In a 1953 letter, Alfred H. Barr Jr.—the founding director of New York’s Museum of Modern Art—wrote: “in our civilization with what seems to be a general decline in religious, ethical, and moral convictions, art may well have increasing importance quite outside of aesthetic enjoyment” (204). Per Barr’s logic, MoMA’s founding marked more than an effort to build a new home for western art in Manhattan; it was an explicit attempt to reframe art as the moral and ethical source of knowledge in a secularizing world. It was, in other words, a stand-in for biblical religion.
In fact, nearly half a century before the founding of the museum, God had died in the minds of many thinkers. Friedrich Nietzsche, for one, proclaimed: “God is dead. God remains dead. And we have killed him. How shall we, the murderers of all murderers, comfort ourselves?” (trans. Walter Kaufmann, 181). Nietzsche lamented the loss of God as the loss of societal and individual values. Life, the philosopher observed, had no significance, no “comfort,” in a world without a priori meaning. Furthermore, the Bible had long informed a shared human experience with “roots in a continuum of tradition”—and yet, in a godless world, there ceased to be a unifying cosmic entity (Nochlin 41).
The void that God’s death created had unique resonance in the United States. As Linda Nochlin notes, there was “a sense of alienation from history as a shared past—an alienation central to the Americans’ experiencing their own condition as a purely contemporary one, without roots in a continuum of tradition” (136). In 1929, when MoMA was founded, the United States had only a century and half of shared history. In the interwar years, the US was not yet the global superpower it would become after the Second World War. The modern era was marked by a need to create a shared narrative of history and values to inform the future of the nation (Nochlin 136). The Museum of Modern Art, I contend, was an institution born of modern necessity—designed to provide a structure of shared value and meaning to undo the newfound alienation in the godless future.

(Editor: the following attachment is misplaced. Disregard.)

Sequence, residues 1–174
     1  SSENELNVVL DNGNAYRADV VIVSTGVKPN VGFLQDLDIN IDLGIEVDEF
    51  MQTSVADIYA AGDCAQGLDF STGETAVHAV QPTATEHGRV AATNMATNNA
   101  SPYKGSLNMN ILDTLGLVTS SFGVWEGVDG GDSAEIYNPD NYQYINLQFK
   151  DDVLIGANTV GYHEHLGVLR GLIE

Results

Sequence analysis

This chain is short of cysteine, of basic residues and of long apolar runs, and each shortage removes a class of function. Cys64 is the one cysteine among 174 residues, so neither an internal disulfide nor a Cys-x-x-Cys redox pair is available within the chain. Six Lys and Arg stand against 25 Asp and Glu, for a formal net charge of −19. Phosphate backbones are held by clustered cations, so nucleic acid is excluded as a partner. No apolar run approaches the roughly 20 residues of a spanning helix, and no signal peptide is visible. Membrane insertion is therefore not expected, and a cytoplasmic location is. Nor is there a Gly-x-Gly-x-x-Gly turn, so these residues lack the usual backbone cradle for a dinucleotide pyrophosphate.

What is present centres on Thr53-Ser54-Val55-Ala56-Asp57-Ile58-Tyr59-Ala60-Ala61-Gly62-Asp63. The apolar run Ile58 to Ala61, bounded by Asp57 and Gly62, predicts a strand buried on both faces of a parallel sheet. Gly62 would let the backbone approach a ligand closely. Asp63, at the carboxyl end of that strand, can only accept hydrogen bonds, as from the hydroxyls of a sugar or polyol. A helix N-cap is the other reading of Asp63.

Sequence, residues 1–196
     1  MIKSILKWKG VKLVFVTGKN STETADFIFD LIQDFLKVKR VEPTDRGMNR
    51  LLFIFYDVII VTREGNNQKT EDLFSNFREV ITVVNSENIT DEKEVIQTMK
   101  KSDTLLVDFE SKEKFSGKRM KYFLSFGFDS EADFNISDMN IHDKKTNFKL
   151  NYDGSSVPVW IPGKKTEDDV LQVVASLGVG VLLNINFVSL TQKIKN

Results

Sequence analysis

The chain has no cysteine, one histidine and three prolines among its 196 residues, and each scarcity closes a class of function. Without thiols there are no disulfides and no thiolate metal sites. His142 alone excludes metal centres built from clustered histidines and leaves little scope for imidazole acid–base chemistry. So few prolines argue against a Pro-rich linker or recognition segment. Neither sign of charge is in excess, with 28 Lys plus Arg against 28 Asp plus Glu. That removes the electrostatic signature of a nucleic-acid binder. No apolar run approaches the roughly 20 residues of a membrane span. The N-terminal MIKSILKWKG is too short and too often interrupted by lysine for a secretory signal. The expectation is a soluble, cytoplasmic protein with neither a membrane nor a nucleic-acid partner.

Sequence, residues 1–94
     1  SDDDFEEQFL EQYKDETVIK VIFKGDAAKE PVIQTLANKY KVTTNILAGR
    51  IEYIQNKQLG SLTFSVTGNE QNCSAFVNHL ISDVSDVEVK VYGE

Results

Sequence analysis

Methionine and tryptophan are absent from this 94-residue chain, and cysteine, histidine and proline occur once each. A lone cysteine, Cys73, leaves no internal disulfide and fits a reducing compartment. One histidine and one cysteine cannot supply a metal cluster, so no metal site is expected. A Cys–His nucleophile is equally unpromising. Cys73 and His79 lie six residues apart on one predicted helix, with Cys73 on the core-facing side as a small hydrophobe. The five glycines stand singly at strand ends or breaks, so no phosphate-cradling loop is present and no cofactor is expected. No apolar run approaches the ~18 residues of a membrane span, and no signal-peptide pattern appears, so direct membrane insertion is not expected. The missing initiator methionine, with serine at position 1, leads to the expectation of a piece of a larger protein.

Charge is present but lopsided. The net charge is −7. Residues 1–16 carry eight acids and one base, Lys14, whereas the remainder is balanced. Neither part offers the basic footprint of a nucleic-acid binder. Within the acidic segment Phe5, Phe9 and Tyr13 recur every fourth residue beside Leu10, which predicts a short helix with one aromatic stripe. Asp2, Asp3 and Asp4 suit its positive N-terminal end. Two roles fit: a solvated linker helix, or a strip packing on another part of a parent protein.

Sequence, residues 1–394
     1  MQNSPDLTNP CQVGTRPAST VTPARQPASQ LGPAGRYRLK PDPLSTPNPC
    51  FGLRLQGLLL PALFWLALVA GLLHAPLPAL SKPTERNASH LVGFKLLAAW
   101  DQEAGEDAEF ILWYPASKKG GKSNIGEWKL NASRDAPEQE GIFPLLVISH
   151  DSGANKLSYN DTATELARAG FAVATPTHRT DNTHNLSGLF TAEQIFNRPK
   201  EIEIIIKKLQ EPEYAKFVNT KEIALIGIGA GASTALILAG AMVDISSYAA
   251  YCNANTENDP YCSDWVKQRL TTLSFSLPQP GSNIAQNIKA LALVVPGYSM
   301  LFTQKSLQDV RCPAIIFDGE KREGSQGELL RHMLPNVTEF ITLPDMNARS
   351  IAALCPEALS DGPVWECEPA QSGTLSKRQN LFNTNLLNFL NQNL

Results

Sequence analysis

The question posed by Nietzsche’s observed deicide remained contested throughout the early twentieth century. Jean-Paul Sartre centered the human subject as the source of meaning. In the modern era, Sartre argues, the individual subject is thrown into a godless world and is forced to forge a meaningful relationship with the world for himself. Sartre explains that “before the projection of the self nothing exists; not even in the heaven of intelligence: man will only attain existence when he is what he purposes to be” (quoted in Kaufmann349). There is no divine mandate that inherently imbues life with meaning and structure. Man exists innately without purpose and must actively create meaning in the world for himself through relation with the world around him. At MoMA the individual is forced to forge a meaningful existence for themselves in relation to the works of art on display. Objects are spaced apart from one another highlighting their individual importance while allowing the viewer sufficient space to view a single work of art. The works are then hung on unadorned white walls so nothing distracts the viewer from the object on display. The artworks provide a guide for the individual to develop themselves as a locus of moral thought. In an attempt to fill the void left by God’s absence in the world MoMA centered the artist as the subject of worship, assembling a pantheon of artists arranged by the curator-priests of the museum in the hallowed halls of the building on 53rdStreet.